Belmont v. Board of Law Examiners

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511 S.W.2d 461 (1974)

David BELMONT, Petitioner, v. BOARD OF LAW EXAMINERS, Respondent.

Supreme Court of Tennessee.

June 3, 1974.

*462 A.J. Archibald, II, Petway, Archibald, Blackshear, Hagwood & Thompson, Nashville, for petitioner.

David M. Pack, Atty. Gen., Everett H. Falk, Asst. Atty. Gen., Nashville, for respondent.


W.M. LEECH, Special Justice.

Petitioner, David Belmont, has taken the Tennessee Bar Examination four times, and on each occasion has failed to pass the examination. His application for permission to take the examination for the fifth time was denied by the Board of Law Examiners in accordance with Rule 37, Section 7 of the Rules of the Tennessee Supreme Court. Thereupon, Belmont filed a petition for the writ of certiorari with this Court contending that the Board's action was violative of T.C.A. § 4-1902. We granted the writ of certiorari to determine the constitutionality of the foregoing Code section.

Prior to discussing the constitutional question herein involved, we must make it clear that the petition to review the action of the Board of Law Examiners in denying petitioner's request to take the examination for the fifth time is properly before this Court. We reach the foregoing conclusion because this Court has the inherent power to prescribe and administer rules pertaining to the licensing and admission of attorneys and as a necessary corollary thereto, no other court in Tennessee can construe or determine the applicability of a rule used to implement that power. It results, therefore, if this Court has the inherent and original power to prescribe the rules, then this Court has the original power to review the action of the Board of Law Examiners in interpreting and applying them. See In re: Adoption of Rule of Court, 479 S.W.2d 225 (Tenn. 1972); Petition for Rule of Court Activating, Integrating and Unifying the State Bar of Tennessee, 109 Tenn. 78, 282 S.W.2d 782, 784 (1954).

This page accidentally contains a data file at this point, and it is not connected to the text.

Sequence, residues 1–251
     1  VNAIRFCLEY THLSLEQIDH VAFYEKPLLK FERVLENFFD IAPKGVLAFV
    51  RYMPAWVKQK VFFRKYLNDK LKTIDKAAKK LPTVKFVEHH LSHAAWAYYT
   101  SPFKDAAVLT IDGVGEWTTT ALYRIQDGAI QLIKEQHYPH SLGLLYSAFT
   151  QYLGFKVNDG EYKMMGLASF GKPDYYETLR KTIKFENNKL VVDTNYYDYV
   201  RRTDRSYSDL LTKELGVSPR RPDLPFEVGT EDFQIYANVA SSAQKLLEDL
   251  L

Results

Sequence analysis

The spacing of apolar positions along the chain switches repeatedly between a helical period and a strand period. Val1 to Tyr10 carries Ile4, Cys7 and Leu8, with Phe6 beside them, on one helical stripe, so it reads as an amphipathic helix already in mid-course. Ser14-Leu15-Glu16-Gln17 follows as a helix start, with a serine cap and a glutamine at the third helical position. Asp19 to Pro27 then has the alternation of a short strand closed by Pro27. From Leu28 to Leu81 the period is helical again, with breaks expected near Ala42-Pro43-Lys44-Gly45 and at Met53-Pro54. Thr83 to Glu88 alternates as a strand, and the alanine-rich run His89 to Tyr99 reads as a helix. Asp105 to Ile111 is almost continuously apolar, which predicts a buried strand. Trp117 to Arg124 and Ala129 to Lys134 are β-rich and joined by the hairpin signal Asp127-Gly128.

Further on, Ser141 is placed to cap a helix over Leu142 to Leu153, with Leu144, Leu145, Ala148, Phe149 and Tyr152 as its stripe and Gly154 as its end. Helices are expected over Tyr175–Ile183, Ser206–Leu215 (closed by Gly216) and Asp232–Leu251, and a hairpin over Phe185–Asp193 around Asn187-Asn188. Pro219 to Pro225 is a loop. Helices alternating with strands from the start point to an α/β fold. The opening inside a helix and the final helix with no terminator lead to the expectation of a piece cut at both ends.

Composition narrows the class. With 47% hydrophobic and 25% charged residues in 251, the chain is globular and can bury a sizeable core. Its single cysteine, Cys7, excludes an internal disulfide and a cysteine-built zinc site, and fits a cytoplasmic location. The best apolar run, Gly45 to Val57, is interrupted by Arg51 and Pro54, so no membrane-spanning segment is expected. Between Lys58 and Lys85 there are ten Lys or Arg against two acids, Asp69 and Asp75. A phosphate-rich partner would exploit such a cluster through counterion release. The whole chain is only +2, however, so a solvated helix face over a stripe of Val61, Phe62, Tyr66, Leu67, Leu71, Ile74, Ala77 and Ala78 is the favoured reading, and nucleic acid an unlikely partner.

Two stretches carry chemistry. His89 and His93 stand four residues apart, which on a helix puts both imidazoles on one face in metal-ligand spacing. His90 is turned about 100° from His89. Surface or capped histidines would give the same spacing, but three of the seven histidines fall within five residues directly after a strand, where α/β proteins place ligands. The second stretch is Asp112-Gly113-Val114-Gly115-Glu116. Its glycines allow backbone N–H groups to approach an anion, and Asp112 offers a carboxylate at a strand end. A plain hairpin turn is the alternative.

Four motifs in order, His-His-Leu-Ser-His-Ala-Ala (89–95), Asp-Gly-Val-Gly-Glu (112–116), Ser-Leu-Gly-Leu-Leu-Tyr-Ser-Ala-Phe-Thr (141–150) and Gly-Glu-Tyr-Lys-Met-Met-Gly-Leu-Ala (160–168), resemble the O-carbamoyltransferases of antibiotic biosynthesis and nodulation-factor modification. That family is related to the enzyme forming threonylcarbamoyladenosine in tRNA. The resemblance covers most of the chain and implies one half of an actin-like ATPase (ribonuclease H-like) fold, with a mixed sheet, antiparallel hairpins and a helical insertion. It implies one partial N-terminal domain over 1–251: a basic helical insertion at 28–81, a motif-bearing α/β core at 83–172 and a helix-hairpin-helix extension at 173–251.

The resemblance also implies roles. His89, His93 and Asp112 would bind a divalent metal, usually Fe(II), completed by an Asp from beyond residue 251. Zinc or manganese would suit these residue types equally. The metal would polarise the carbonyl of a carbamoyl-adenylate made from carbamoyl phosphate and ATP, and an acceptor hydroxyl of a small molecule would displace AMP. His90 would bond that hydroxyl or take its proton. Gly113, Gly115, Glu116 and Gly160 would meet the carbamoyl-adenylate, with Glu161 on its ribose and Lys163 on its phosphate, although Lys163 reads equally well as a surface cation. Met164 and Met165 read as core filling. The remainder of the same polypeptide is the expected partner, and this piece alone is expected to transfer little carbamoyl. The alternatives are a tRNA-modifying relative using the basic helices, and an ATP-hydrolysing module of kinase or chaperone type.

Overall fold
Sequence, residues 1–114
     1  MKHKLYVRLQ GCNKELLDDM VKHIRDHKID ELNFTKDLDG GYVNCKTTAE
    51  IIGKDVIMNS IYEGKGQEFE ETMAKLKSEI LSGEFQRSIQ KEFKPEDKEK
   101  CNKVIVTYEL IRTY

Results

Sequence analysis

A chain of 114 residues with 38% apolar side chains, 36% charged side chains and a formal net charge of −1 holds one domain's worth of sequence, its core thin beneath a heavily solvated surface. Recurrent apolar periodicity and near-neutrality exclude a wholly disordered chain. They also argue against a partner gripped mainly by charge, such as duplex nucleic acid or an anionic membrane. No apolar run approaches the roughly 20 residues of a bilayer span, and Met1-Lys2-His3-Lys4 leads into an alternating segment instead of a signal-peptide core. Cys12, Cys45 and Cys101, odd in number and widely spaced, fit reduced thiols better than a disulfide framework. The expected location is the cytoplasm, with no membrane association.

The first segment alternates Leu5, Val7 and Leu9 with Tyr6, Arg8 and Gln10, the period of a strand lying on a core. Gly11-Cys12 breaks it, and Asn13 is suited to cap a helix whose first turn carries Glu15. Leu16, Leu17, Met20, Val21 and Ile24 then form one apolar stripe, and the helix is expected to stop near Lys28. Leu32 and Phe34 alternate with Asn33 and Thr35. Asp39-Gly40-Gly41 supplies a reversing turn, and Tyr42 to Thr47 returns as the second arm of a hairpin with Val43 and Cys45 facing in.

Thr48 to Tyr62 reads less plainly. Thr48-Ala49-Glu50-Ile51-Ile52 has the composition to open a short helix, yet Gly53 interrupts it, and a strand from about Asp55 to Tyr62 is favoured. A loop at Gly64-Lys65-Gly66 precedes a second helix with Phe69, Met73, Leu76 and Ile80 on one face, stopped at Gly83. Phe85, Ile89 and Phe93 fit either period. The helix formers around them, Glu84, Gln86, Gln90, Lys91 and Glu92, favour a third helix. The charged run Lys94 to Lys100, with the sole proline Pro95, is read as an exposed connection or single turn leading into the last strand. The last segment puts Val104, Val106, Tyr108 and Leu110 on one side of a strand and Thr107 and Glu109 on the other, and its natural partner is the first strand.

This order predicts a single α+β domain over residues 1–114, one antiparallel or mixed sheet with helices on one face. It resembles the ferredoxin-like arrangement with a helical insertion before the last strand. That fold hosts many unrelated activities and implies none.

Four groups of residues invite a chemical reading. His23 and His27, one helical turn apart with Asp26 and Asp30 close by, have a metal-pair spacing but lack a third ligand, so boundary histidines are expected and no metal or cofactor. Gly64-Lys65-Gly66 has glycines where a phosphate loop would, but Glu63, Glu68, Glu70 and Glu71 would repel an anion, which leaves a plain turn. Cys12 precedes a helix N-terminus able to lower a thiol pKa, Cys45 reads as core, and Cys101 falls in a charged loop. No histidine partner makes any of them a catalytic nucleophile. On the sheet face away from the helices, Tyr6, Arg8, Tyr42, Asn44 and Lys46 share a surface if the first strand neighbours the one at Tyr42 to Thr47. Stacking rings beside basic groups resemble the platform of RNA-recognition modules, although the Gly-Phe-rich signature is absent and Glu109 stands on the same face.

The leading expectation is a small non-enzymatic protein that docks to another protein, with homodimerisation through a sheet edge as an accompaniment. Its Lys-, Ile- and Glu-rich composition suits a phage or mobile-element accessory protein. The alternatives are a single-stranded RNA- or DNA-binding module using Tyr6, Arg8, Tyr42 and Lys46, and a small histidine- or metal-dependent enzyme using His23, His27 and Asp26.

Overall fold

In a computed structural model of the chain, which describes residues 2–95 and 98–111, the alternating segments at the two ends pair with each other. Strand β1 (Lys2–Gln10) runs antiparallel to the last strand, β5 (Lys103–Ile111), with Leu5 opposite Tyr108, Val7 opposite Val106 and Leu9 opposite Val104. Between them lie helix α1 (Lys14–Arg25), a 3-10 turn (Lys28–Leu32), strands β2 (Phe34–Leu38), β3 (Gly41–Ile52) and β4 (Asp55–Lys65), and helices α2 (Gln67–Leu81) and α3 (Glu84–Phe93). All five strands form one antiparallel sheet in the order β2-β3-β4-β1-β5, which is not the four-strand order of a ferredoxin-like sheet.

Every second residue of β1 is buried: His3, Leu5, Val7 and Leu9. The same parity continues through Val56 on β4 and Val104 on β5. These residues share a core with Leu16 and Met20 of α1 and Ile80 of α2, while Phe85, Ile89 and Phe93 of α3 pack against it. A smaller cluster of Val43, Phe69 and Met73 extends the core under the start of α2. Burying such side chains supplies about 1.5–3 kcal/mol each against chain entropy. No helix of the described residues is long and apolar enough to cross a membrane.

Having disposed of the jurisdictional question, there remain two questions of law, so closely related that a discussion of one necessarily includes the other. The two questions are as follows:

1. Whether T.C.A. § 4-1902, as amended by Chapter 789 of the Public Acts of 1972, renders null and void Rule 37, Section 7 of the Rules of the Tennessee Supreme Court.